Every year, nearly 3,000 Americans die because they cannot find a matching bone marrow donor. Minorities are hit especially hard. Common sense suggests that offering modest incentives to attract more bone marrow donors would be worth pursuing, but federal law made that a felony punishable by up to five years in prison.
That is why in 2009, adults with deadly blood diseases, the parents of sick children, a California nonprofit and a world-renowned medical doctor who specializes in bone marrow research joined with the Institute for Justice to launch a legal fight against the U.S. Attorney General to put an end to a ban on offering compensation for bone marrow donors.
The National Organ Transplant Act (NOTA) of 1984 treats compensation for marrow donors as though it were black-market organ sales. Under NOTA, giving a college student a scholarship or a new homeowner a mortgage payment for donating marrow would land everyone—doctors, nurses, donors and patients—in federal prison for up to five years.
NOTA’s criminal ban violated equal protection because it arbitrarily treats renewable bone marrow like nonrenewable solid organs instead of like other renewable or inexhaustible cells—such as blood—for which compensated donation is legal. That makes no sense because bone marrow, unlike organs such as kidneys, replenishes itself in just a few weeks after it is donated, leaving the donor whole once again.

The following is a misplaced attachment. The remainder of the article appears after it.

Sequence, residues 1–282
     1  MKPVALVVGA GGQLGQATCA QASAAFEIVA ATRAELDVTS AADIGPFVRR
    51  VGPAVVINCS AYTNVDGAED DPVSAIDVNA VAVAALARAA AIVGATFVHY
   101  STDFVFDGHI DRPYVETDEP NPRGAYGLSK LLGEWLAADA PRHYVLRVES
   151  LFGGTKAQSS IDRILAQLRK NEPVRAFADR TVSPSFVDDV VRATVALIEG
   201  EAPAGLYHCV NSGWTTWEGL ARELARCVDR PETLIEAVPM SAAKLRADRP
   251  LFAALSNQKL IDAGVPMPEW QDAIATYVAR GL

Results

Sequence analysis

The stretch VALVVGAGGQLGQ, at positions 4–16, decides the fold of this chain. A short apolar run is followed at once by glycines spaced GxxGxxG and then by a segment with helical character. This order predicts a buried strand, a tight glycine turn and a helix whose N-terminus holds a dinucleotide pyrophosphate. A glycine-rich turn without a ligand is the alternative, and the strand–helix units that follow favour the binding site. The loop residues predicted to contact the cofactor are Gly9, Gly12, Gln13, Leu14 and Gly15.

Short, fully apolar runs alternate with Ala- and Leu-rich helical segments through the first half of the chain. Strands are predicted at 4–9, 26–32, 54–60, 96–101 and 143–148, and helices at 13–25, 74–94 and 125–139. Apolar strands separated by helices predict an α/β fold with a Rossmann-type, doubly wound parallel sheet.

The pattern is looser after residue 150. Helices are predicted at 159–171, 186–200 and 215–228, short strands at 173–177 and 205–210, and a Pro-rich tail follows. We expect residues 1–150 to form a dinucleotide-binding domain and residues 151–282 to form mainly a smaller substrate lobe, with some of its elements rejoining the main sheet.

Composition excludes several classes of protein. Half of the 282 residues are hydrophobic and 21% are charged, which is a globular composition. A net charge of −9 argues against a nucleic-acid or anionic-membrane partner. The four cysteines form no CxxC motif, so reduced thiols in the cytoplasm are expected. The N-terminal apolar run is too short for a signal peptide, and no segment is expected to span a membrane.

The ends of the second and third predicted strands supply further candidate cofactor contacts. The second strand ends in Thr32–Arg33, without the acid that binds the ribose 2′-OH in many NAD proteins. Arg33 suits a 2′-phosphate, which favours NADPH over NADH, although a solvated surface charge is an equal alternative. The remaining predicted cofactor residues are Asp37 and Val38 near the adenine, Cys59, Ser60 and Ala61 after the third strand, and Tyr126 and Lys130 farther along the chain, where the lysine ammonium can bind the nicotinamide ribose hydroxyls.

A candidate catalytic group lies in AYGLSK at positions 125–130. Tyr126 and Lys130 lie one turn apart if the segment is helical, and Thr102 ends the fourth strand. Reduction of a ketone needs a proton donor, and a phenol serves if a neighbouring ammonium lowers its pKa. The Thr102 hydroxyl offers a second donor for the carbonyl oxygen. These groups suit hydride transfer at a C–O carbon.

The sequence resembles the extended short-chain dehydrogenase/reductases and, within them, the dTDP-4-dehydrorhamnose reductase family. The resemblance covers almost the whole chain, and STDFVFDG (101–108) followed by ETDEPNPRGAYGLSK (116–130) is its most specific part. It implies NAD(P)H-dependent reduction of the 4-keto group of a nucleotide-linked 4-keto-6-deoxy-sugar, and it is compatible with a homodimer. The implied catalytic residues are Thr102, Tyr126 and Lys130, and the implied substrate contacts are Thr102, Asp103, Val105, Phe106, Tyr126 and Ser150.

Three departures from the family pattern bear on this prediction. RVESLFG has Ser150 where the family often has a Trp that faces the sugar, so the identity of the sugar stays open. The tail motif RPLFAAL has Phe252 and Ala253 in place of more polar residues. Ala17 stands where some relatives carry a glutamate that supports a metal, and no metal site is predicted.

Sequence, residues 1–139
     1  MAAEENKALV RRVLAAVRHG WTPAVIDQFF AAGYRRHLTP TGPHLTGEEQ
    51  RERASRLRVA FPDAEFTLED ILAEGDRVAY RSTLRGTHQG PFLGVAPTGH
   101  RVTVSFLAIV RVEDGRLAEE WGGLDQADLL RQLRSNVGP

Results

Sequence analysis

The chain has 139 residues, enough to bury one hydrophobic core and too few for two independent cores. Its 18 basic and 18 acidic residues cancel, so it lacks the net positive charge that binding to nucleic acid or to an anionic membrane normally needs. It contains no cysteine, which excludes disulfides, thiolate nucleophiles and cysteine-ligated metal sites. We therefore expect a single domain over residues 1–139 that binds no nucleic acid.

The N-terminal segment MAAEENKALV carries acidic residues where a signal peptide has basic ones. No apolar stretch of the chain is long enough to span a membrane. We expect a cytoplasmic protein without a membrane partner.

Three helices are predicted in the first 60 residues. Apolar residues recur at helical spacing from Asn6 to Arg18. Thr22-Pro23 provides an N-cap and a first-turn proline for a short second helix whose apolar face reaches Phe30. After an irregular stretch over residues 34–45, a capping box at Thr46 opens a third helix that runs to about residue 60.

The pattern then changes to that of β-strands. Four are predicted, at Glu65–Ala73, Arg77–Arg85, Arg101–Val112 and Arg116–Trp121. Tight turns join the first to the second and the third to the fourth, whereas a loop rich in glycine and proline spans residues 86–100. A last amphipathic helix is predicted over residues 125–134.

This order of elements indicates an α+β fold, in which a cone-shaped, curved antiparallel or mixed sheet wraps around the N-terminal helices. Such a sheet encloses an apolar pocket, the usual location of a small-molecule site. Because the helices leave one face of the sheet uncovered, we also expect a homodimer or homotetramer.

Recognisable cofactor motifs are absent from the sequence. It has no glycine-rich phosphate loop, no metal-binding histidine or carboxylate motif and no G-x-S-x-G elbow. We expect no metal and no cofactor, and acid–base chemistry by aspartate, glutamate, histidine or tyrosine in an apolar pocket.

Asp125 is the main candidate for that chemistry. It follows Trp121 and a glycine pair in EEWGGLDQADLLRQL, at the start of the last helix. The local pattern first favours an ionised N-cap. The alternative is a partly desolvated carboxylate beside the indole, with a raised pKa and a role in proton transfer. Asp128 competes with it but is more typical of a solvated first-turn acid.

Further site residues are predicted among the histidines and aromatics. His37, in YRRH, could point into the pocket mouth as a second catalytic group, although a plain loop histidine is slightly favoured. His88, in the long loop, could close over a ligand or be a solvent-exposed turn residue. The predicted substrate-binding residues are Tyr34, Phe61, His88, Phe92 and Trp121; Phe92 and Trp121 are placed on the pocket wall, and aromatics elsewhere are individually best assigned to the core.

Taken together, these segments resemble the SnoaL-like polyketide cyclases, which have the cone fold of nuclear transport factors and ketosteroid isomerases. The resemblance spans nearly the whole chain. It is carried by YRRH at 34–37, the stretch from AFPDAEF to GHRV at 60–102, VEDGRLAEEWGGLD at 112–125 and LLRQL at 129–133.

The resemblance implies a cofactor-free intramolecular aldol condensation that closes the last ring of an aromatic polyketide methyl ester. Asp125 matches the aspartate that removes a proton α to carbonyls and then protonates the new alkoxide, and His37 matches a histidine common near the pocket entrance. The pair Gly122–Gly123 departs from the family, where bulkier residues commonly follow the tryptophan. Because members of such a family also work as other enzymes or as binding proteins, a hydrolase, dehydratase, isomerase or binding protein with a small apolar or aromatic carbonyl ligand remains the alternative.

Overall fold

In 2011, the 9th U.S. Circuit Court of Appeals ruled in favor of the cancer patients and their attorneys from the Institute for Justice, holding that the National Organ Transplant Act’s ban on donor compensation does not apply to the most common method for donating marrow. The U.S. Attorney General sought to have that ruling overturned by the full 9th Circuit, but was unsuccessful.
The Institute for Justice’s legal victory became final in June 2012, and a new tool in the fight against deadly diseases became available, when the Attorney General declined to appeal its loss to the U.S. Supreme Court.
But no sooner was that legal victory established than the U.S. Department of Health & Human Services proposed a new rule that would negate the legal victory and block model research programs designed to examine the effectiveness of compensation. Nearly 500 people—including Nobel Laureates—wrote to HHS discouraging them from adopting the rule. But for nearly 3 years now, HHS has remained silent blocking such research and costing American cancer patients their lives.
Here is a photo of Doreen Flynn and her daughters. Doreen’s real-world struggle to find bone marrow donors for her three daughters inspired the production of the movie Everything.